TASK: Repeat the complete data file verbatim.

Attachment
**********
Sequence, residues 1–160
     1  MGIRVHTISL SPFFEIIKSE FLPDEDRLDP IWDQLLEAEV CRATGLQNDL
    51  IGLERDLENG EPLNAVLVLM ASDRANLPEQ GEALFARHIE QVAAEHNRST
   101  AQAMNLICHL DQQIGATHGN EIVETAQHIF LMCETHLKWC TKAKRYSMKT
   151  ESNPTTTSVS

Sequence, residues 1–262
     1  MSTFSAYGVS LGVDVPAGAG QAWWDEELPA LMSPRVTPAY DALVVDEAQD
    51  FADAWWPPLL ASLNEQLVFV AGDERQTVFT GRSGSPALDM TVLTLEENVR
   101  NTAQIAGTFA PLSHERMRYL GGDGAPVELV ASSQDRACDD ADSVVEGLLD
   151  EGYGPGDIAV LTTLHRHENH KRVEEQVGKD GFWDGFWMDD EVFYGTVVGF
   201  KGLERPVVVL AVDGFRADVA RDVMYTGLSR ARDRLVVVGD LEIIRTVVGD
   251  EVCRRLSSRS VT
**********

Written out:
Sequence, residues 1–160
     1  MGIRVHTISL SPFFEIIKSE FLPDEDRLDP IWDQLLEAEV CRATGLQNDL
    51  IGLERDLENG EPLNAVLVLM ASDRANLPEQ GEALFARHIE QVAAEHNRST
   101  AQAMNLICHL DQQIGATHGN EIVETAQHIF LMCETHLKWC TKAKRYSMKT
   151  ESNPTTTSVS

Sequence, residues 1–262
     1  MSTFSAYGVS LGVDVPAGAG QAWWDEELPA LMSPRVTPAY DALVVDEAQD
    51  FADAWWPPLL ASLNEQLVFV AGDERQTVFT GRSGSPALDM TVLTLEENVR
   101  NTAQIAGTFA PLSHERMRYL GGDGAPVELV ASSQDRACDD ADSVVEGLLD
   151  EGYGPGDIAV LTTLHRHENH KRVEEQVGKD GFWDGFWMDD EVFYGTVVGF
   201  KGLERPVVVL AVDGFRADVA RDVMYTGLSR ARDRLVVVGD LEIIRTVVGD
   251  EVCRRLSSRS VT